BWW Reviews: SCR Offers Luminous LIGHT IN THE PIAZZA For One More Week Only
Like a beautiful painting Adam Guettel's The Light in the Piazza is a true work of art. With discordant music not unlike that of Stephen Sondheim, written for a small chamber orchestra, feelings of love - from all kinds of people -fuel passionately. Without the right actresses to play the American mother and daughter visiting Florence, the play loses its fragility and inner beauty. This production could not be more divine. Patti Cohenour as Margaret Johnson and Erin Mackey as her decidedly different daughter make sparks fly with their glorious acting and singing.
As the story goes, Clara Johnson was kicked by a pony in the back of the head at age 12 and suffered a mental deficiency as a consequence. So, at first glance, she seems sincere and enthusiastically atuned to the world around her, but it isn't until later when reactions of fear and rage emerge from her, that we clearly understand how very unusual she is. And...this different behavior is at times keen and extraordinarily insightful, especially when it comes to appreciating the loyalty that should exist between lovers...
Fabrizio Naccarelli (David Burnham) falls madly and passionately for Clara. It is up to Margaret to decide if his intentions are truly honorable and if Clara will be able to handle the situation with any any form of stability. At first she objects vehemently, but gradually comes to realize that Clara is more mature than she has given her credit for. Fabrizio's brother Giuseppe (Christopher Newell), in typical Italian style, cheats on his wife Franca (Melina Kalomas) and the Signora (Mary Gutzi) is quick to attest to the fact that Italian husbands are prone to wander, as is her husband (Perry Ojeda). What bothers Clara is this open sense of infidelity and she is not afraid to point out to Franca that Fabrizio is her fiance and to keep her hands off.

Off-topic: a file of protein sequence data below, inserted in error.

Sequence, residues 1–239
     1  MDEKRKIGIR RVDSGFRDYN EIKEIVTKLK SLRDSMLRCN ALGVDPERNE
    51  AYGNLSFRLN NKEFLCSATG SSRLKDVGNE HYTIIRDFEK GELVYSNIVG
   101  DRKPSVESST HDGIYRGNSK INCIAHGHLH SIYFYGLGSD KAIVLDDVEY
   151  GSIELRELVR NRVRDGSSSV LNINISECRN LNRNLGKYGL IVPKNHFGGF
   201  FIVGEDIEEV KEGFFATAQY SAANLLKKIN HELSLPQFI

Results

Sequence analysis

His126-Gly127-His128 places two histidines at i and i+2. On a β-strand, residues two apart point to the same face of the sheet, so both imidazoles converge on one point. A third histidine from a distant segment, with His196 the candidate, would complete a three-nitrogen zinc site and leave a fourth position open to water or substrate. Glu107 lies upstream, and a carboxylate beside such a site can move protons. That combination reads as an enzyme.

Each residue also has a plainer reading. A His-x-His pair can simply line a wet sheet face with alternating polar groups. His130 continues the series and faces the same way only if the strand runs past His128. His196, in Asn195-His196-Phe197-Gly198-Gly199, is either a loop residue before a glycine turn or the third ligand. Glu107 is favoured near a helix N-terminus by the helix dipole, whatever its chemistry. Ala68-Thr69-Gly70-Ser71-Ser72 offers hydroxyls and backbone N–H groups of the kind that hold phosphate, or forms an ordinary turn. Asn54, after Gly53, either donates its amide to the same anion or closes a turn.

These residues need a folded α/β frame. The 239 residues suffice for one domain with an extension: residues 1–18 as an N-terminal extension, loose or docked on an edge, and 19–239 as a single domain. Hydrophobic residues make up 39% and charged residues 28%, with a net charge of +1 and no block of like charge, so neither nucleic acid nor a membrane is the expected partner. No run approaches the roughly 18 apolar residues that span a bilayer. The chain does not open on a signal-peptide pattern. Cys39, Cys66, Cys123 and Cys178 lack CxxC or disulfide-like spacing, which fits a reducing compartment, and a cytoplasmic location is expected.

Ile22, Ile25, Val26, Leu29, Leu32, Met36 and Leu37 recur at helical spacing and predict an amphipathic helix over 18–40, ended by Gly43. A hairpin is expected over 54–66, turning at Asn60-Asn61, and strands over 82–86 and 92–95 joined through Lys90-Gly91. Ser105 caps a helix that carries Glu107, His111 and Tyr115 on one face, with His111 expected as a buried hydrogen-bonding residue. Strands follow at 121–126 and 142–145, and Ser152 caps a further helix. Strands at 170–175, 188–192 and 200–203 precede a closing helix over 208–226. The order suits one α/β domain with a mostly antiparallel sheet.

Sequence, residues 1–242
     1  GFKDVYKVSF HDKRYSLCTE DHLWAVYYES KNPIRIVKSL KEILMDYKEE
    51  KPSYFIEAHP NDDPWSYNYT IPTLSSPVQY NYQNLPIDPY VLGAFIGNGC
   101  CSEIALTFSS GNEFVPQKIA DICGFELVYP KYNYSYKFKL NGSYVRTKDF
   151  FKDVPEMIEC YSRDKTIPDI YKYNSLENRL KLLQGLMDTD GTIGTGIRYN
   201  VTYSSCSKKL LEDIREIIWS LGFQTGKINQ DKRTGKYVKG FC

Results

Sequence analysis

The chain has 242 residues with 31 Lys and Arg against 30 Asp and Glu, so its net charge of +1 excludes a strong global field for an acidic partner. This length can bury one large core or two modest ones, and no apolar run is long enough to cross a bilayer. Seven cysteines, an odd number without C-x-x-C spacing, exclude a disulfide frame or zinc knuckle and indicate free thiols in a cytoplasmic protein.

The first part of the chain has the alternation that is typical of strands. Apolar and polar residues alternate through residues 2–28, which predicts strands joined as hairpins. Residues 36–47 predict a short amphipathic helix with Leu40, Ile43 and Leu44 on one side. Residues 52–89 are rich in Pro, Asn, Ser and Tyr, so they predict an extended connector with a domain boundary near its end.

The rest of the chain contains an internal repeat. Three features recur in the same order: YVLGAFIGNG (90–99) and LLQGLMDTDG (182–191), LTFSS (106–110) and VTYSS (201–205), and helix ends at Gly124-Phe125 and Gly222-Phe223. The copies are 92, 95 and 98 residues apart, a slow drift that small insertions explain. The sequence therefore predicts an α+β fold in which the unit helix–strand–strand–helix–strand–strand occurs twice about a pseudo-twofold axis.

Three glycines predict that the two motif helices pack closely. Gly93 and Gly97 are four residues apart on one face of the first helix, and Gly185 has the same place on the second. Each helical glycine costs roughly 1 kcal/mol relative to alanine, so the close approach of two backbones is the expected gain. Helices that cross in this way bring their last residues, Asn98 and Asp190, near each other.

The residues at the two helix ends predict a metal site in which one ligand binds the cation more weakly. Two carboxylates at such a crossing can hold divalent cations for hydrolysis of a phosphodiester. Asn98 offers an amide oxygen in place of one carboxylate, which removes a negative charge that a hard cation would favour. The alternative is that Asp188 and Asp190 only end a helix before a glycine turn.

Minor confusion about Clara's age and her own father's (Martin Kildare) protestations put a damper on the engagement, but there is a happy ending. And it is mother Margaret's decision about Clara's future that sets the play apart and brings it to a most remarkable and joyous conclusion.
The entire ensemble is superb under Kent Nicholson's meticulous direction. Cohenour brilliantly makes Margaret a three dimensional woman and Mackey is luminescent and endearing at every turn. Burnham as Fabrizio has made this role totally his own since 2006 when he first essayed it in the National Tour. He is enjoying himself immensely and letting his sense of humor infuse Fabrizio's clumsiness.
Neil Patel has done a lovely job with set design incorporating columns and backwall windows with paneling to adjust the infiltration of light. Leah Piehl's costumes are period efficient. Guettel's music is so delicately beautiful that I am not ashamed to admit it moved me to tears more than once. A passionately engrossing evening for lovers, friends and for anyone who believes in the value of love.